Peptide; Hydrogel; Cell delivery; Self-assembly; Chondrocyte; Tissue engineering
When designing hydrogels for tissue regeneration, differences in
polymerization mechanism and network structure have the potential to impact
cellular behavior. Poly(ethylene glycol) hydrogels were formed by free-radical
photopolymerization of acrylates (chain-growth) or thiol-norbornenes
(step-growth) to investigate the impact of hydrogel system (polymerization
mechanism and network structure) on the development of engineered tissue. Bovine
chondrocytes were encapsulated in hydrogels and cultured under free swelling or
dynamic compressive loading. In the acrylate system immediately after
encapsulation chondrocytes exhibited high levels of intracellular ROS
concomitant with a reduction in hydrogel compressive modulus and higher
variability in cell deformation upon compressive strain; findings that were not
observed in the thiol-norbornene system. Long-term the quantity of sulfated
glycosaminoglycans and total collagen was greater in the acrylate system, but
the quality resembled that of hypertrophic cartilage with positive staining for
aggrecan, collagens I, II, and X and collagen catabolism. The thiol-norbornene
system led to hyaline-like cartilage production especially under mechanical
loading with positive staining for aggrecan and collagen II and minimal staining
for collagens I and X and collagen catabolism. Findings from this study confirm
that the polymerization mechanism and network structure have long-term effects
on the quality of engineered cartilage, especially under mechanical loading.
following spinal cord injury, further injury can occur through several
secondary injury cascades. As a consequence of cell lysis, an increase
in extracellular Ca2+ results in additional neuronal loss
by inducing apoptosis. Thus, hydrogels that reduce extracellular Ca2+ concentration may reduce secondary injury severity. The
goal of this study was to develop composite hydrogels consisting of
alginate, chitosan, and genipin that interact with extracellular Ca2+ to enable in situ gelation while maintaining an elastic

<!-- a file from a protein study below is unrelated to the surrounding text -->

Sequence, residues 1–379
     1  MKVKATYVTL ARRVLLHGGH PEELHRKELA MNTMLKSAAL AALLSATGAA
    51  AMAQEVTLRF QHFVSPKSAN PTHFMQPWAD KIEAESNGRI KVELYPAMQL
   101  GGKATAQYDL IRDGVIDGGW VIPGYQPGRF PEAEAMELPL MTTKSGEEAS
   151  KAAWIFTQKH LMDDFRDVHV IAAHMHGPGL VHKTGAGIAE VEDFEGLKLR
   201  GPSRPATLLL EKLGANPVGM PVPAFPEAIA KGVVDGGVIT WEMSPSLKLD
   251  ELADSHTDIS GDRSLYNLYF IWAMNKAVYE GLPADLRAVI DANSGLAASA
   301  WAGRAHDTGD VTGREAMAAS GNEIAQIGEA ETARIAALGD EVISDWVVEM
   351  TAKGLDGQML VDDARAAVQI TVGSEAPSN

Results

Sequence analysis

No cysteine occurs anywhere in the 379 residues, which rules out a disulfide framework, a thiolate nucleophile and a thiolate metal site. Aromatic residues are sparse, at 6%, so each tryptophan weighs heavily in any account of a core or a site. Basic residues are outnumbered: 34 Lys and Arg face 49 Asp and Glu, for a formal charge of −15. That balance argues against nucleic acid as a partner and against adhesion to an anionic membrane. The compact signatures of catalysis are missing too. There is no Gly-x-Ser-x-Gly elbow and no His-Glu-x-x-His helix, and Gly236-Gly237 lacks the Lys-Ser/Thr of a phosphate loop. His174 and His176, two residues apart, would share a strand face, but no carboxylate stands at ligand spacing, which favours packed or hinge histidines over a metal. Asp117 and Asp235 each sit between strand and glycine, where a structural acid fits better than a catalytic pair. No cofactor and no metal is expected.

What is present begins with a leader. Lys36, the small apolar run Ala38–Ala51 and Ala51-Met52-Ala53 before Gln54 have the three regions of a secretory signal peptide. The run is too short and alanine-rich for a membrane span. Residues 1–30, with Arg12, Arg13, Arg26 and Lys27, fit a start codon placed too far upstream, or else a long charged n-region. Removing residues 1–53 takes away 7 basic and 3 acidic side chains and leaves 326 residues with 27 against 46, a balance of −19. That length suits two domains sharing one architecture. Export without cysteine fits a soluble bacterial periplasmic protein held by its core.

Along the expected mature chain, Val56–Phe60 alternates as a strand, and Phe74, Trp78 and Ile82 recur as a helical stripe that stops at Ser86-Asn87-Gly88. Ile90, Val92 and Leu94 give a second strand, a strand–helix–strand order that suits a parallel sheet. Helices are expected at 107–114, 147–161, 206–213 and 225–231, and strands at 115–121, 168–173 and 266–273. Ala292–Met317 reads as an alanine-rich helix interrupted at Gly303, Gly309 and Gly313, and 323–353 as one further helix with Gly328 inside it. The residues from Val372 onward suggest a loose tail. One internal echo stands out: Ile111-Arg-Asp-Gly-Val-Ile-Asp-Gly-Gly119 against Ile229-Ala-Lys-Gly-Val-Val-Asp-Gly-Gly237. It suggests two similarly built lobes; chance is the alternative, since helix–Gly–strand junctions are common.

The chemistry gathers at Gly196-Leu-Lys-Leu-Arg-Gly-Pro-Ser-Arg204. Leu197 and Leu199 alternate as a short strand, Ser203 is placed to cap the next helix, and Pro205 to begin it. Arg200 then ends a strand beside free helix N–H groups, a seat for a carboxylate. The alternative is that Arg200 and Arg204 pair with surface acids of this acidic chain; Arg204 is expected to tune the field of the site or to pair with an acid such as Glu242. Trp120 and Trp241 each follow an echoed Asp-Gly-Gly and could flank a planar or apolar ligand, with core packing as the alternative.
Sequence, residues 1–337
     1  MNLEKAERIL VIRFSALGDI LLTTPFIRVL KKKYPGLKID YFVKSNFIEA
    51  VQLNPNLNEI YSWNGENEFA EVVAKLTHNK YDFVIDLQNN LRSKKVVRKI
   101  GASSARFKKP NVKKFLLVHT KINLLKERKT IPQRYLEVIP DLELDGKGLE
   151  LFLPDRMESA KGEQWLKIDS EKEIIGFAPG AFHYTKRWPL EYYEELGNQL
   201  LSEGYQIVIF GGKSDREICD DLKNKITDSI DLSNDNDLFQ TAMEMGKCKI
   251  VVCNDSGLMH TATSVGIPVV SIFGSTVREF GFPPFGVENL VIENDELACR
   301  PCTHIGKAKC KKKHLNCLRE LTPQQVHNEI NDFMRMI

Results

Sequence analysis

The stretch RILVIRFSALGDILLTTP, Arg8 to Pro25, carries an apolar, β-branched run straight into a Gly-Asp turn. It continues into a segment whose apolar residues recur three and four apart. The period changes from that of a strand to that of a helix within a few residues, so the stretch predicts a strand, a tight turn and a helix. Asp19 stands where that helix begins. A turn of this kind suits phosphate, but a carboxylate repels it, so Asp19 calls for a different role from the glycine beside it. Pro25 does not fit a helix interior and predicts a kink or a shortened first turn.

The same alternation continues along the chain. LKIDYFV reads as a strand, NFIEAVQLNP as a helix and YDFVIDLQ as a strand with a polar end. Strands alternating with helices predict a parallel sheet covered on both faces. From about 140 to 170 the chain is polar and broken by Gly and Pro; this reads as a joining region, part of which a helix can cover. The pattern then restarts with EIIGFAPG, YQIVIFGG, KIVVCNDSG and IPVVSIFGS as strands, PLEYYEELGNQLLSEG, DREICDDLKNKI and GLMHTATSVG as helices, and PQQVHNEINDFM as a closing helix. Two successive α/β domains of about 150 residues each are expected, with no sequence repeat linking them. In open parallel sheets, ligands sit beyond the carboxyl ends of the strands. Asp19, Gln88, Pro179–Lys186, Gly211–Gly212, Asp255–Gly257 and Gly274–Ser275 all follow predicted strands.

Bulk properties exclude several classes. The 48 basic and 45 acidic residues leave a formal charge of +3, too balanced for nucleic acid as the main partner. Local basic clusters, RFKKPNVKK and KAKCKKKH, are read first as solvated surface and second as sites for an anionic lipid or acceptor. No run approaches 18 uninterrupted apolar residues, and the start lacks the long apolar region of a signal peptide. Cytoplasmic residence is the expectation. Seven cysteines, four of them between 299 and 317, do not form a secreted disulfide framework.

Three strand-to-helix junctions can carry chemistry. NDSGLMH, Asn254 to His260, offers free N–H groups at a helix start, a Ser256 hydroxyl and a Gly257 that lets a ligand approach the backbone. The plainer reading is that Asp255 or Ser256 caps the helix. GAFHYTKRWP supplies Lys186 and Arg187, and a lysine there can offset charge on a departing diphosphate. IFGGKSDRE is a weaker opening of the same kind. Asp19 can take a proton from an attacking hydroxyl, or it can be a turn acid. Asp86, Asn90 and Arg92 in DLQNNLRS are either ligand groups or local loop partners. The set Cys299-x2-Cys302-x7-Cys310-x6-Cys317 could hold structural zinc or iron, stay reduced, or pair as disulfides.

modulus similar to native spinal cord (∼1000 Pa). It was hypothesized
that incorporation of genipin and chitosan would regulate hydrogel
electrostatic characteristics and influence hydrogel porosity, degradation,
and astrocyte behavior. Hydrogel composition was varied to create
hydrogels with statistically similar mechanical properties (∼1000
Pa) that demonstrated tunable charge characteristics (6-fold range
in free amine concentration) and degradation rate (complete degradation
between 7 and 28 days; some blends persist after 28 days). Hydrogels
demonstrate high sensitivity to Ca2+ concentration, as
a 1 mM change during fabrication induced a significant change in elastic
modulus. Additionally, hydrogels incubated in a Ca2+-containing
solution exhibited an increased linear viscoelastic limit (LVE) and
an increased elastic modulus above the LVE limit in a time dependent
manner. An extension of the LVE limit implies a change in hydrogel
cross-linking structure. Attachment assays demonstrated that addition
of chitosan/genipin to alginate hydrogels induced up to a 4-fold increase
in the number of attached astrocytes and facilitated astrocyte clustering
on the hydrogel surface in a composition dependent manner. Furthermore,
Western blots demonstrated tunable glial fibrillary acid protein (GFAP)
expression in astrocytes cultured on hydrogel blends, with some hydrogel
compositions demonstrating no significant increase in GFAP expression
compared to astrocytes cultured on glass. Thus, alginate/chitosan/genipin
hydrogel composites show promise as scaffolds that regulate astrocyte
behavior and for the prevention of Ca2+-related secondary
neuron damage during acute SCI.
alginate; chitosan; hydrogel; astrocytes; spinal cord injury; glial fibrillary